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I am new to C, so forgive me if this question is trivial. I am trying to reverse a string, in my case the letters a,b,c,d. I place the characters in a char* array, and declare a buffer which will hold the characters in the opposite order, d,c,b,a. I achieve this result using pointer arithmetic, but to my understanding each element in a char* array is 4 bytes, so when I do the following: buffer[i] = *(char**)letters + 4; I am supposed to be pointing at the second element in the array. Instead of pointing to the second element, it points to the third. After further examination I figured that if I increment the base pointer by two each time I would get the desired results. Does this mean that each element in the array is two bytes instead of 4? Here is the rest of my code:

#include <stdio.h>

int main(void)
{

  char *letters[] = {"a","b","c","d"};
  char *buffer[4];
  int i, add = 6;

  for( i = 0 ; i < 4 ; i++ )
  {
    buffer[i] = *(char**)letters + add;
    add -= 2;
  }

  printf("The alphabet: ");

  for(i = 0; i < 4; i++)
  {
    printf("%s",letters[i]);
  }

  printf("\n");

  printf("The alphabet in reverse: ");

  for(i = 0; i < 4; i++)
  {
    printf("%s",buffer[i]);
  }

  printf("\n");

}
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4 Answers 4

You're not making an array of characters: you're making an array of character strings -- i.e., an array of pointers to arrays of characters. I am not going to rewrite the whole program for you of course, but I'll start out with two alternative possible correct declarations for your main data structure:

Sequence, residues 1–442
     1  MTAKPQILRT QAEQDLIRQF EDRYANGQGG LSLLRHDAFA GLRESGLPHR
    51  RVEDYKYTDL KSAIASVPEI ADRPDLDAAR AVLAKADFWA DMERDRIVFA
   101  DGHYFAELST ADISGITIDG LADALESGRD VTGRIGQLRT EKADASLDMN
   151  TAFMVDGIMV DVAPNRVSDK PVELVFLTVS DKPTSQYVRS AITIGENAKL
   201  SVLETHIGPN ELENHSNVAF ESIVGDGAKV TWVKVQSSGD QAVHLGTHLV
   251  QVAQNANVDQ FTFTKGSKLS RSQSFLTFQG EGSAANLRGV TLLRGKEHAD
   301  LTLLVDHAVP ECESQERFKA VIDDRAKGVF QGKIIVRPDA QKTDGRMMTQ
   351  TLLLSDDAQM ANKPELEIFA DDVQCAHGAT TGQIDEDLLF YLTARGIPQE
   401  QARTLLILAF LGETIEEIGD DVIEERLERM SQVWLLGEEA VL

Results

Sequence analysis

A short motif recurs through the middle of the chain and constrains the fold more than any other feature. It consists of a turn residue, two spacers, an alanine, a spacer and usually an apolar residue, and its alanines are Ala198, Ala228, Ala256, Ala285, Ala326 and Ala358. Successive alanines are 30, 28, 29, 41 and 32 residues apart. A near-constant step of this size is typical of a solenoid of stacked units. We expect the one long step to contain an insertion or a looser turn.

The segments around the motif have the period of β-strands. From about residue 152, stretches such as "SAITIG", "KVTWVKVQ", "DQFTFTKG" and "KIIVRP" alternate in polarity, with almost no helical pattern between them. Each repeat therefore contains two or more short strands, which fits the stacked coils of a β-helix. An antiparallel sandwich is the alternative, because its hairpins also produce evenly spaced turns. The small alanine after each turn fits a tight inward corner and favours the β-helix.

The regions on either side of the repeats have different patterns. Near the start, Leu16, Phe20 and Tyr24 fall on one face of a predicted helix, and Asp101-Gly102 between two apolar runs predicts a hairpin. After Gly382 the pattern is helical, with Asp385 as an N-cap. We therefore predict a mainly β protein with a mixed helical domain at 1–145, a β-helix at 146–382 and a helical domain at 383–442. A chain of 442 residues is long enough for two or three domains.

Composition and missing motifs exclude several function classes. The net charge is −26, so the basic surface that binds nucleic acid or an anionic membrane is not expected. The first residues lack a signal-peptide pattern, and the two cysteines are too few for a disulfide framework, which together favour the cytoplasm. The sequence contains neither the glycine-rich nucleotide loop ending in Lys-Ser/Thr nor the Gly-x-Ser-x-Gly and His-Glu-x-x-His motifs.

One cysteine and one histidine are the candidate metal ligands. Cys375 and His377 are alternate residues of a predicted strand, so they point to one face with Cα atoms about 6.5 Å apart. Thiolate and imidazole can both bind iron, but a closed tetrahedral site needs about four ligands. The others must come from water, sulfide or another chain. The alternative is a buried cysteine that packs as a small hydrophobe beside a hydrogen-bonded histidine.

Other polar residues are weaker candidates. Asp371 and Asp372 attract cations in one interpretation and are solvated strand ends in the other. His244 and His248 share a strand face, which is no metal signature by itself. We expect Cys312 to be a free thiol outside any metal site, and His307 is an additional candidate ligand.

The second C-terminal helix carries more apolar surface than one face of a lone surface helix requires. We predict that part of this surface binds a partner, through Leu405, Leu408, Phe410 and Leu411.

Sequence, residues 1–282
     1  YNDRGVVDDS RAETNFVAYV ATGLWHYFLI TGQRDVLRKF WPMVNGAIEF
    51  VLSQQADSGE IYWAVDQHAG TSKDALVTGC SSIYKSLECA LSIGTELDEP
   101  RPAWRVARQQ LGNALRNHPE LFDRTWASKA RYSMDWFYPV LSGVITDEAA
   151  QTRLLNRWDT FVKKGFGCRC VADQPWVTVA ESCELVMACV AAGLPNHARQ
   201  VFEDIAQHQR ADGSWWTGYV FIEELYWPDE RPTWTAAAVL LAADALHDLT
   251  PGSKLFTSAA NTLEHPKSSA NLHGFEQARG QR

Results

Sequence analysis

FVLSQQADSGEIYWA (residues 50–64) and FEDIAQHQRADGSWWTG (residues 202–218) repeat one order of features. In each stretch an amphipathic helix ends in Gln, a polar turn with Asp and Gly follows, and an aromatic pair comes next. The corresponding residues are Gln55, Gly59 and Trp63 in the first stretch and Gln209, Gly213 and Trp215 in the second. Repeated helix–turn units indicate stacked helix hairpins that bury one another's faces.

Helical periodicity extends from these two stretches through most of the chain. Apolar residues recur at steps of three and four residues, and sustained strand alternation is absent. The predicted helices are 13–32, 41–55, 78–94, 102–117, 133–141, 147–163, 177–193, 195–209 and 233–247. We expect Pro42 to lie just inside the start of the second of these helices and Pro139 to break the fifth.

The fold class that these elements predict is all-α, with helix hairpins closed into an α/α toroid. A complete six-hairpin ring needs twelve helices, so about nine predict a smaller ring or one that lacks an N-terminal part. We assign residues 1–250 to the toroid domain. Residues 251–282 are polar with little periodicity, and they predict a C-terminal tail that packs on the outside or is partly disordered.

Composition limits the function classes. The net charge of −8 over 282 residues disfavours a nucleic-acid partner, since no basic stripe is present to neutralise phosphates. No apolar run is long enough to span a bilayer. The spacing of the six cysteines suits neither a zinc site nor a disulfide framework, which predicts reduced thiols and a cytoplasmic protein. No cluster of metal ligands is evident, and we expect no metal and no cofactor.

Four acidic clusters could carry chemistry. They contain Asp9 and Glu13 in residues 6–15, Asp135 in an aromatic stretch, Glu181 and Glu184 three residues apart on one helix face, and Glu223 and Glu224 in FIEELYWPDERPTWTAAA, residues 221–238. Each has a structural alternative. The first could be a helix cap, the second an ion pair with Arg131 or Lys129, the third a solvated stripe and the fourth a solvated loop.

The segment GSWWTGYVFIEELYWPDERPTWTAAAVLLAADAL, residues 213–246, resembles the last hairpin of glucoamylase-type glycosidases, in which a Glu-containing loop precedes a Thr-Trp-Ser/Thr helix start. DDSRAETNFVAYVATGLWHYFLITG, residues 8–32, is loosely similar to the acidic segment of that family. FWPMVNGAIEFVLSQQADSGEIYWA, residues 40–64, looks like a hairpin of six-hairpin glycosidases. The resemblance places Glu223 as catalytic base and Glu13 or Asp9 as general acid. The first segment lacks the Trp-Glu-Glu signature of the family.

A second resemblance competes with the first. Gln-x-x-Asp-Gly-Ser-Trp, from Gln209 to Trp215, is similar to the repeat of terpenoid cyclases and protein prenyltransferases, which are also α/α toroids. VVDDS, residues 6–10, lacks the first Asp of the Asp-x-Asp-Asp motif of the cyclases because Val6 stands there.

char letters[] = {'a','b','c','d, 0};

char * letters = "abcd";

Either of these declares an array of five characters: a, b, c, d followed by 0, the traditional ending for a character string in C.

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I think he knows. That's why it is a char* array and not a char array, and also why he expected each to be 4 bytes, not 1. –  ughoavgfhw Apr 8 '11 at 18:18
    
This answer has a serious error that, coupled with typical C newbies' misunderstandings, is quite harmful. char *letters[]; is not an array of strings. It's an array of pointers to strings. A char * is not a string. It's a pointer which can point to the beginning of a string. A string is an array type object. –  R.. Apr 8 '11 at 22:35
    
@R: You are correct that my wording was poor, although I am not sure that I'd call it either "serious" or "harmful". I've clarified my post. –  Ernest Friedman-Hill Apr 8 '11 at 23:04

Another thing: rather than making assumptions about the size of things, use the language to tell you. For instance:

char   *my_array[]            = { "foo" , "bar" , "baz" , "bat" , } ;
// the size of an element of my_array
size_t  my_array_element_size = sizeof(my_array[0]) ;
size_t  alt_element_size      = size(*my_array) ; // arrays are pointers under the hood
// the number of elements in my_array
size_t  my_array_element_cnt  = sizeof(my_array) / sizeof(*myarray ;
// the size of a char
size_t  char_size             = sizeof(*(my_array[0])) ; // size of a char

Another thing: understand your data structures (as noted above). You talk about chars, but your data structures are talking about strings. Your declarations:

char *letters[] = {"a","b","c","d"};
char *buffer[4];